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TV time outstrips family time, Canadian survey finds

Family watching television, children facing away from television

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If we had our way, we would on average spend about seven fewer hours a week at work, four fewer hours a week watching television, and two fewer hours a week commuting. We yearn to spend three additional hours a week with our family, another three hours with our spouse, and about three extra hours involved with our community. We also want four extra hours of "me time," and about two more hours of sleep.

That's the finding of a unique study by Toronto-based consultant Mark Ellwood, of Pace Productivity. It's based on responses from 22,797 visitors to his productivity website who identified themselves as employed and filled out a tabulator on how they spent their time and how they wished they could spend their time. Sixty-two per cent of respondents were female, leading him to suggest women are more interested in their use of time than men.

On average, men worked 48 hours a week while women worked 43.5 hours. Women work fewer hours because they face greater pressure at home to attend to child care and domestic responsibilities, and they often tend to be employed in more clerical jobs that require fewer hours.

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Hours worked stretched from part-timers to a group he labelled as "danger time" – 2 per cent of the male respondents and 1 per cent of the female respondents – who were working about 85 hours a week. From there, it scaled back for men to an "extreme" designation if their work was around 72 hours a week, "excess" time at about 60 hours, "over time" at about 50 hours, "extra time" at about 45 hours, and "full time" at 40 hours. For women it was similar, although the group working dangerous hours were averaging 89.6 hours a week, four hours more than their male counterparts.

Beyond work, the biggest allocation of time was for sleep, on average 47.5 hours a week, about the same for men and women. Contrary to belief, sleep was largely unaffected by hours worked, except for those at the top end working more than 80 hours a week, who could only manage 39.5 hours a week of sleep for men and 35.1 hours for women.

The next three biggest expenditures of time were for television, family time, and me time respectively. Men in the study watched slightly more television than women, 12 hours to 11 hours. As men increase their working hours, television saw the biggest reduction after me time, decreasing by 7 hours a week. For women, it's a five-hour decrease – the third biggest decline, after me time and family time.

Family time is counted separately from time with a spouse. Men spent, on average, 10.8 hours of family time, almost two hours less than women's 12.7 hours, while time with a spouse was essentially indistinguishable, at 7.8 hours and 7.6 hours respectively. When people work longer, they cut their family time. As work hours for men rise about 10 hours from the full-time to the overtime category, family time drops by 1.2 hours; for women, the drop is double, at 2.4 hours.

"The advent of children has an even larger impact on family time than do work hours. Among all employed women, mothers without children spend just 7 hours per week on family, while those with children spent 21 hours on family time. The increase, once children arrive, comes at the expense of me time, spouse and sleep," he notes.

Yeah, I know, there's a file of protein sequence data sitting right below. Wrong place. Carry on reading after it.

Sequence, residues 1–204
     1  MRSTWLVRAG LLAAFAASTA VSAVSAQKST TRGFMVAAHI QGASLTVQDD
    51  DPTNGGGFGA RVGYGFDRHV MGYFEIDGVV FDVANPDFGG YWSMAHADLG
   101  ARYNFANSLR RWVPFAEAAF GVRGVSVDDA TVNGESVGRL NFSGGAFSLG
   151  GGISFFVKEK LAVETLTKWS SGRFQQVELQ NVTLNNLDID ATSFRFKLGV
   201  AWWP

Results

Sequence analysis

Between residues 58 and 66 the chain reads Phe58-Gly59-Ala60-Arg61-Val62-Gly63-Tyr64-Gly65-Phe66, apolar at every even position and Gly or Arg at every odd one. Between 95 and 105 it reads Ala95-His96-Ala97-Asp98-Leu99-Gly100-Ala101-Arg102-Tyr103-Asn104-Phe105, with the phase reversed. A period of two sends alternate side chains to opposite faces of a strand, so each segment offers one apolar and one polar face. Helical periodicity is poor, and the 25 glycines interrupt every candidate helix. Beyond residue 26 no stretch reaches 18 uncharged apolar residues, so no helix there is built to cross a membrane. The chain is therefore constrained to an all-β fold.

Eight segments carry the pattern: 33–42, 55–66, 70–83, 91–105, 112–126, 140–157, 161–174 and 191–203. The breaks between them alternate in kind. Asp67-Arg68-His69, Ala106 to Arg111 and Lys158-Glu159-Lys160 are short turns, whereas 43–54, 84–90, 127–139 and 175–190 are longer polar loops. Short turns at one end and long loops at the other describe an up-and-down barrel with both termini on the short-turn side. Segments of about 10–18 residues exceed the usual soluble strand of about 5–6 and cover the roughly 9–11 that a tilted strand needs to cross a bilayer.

Me time is for reading, hobbies, fitness, socializing, entertainment, and the Internet – a separate category from personal care time spent on bathroom, dressing and make-up. Me time is the most affected by increases in overtime hours, dropping as much as 8 to 9 hours a week. By contrast, personal care time is only marginally affected by changes in work hours and commuting time only slightly, as people working long hours find themselves going to and from work when the roads are empty.

Mr. Ellwood notes the oddity that when asked how they would ideally spend their time, the second biggest change envisioned is cutting back television time, with both sexes wanting to spend four fewer hours a week. "Some of the categories could be considered as ones where there is little choice. Yet television is arguably an activity that affords the largest possible choice, and is the easiest one to cut down on," he says.

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Not surprisingly, those who work longer have a greater tendency to feel rushed. As well, more women feel rushed than men. Interestingly, folks who work longer hours do not gain a greater sense of accomplishment. But Mr. Ellwood notes this growing sense of not having accomplished what they set out to do as they work longer hours may not be entirely related to work, and may reflect the cuts to other areas of life, as chores and other important activities remain undone.

All those figures might stir up a feeling of dissatisfaction as you are reminded of the daily struggle for time. But 57 per cent of the male respondents were very or fairly satisfied with their lives, while 64 per cent of women report such satisfaction. Still, with longer hours of work, satisfaction levels decline, something to consider as the pressure to work longer hours seems to be increasing.

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About the Author
Management columnist

Harvey Schachter is a Kingston, Ont.-based writer specializing in management issues. He writes Monday Morning Manager and management book reviews for the print edition of Report on Business and an online column, Power Points. More

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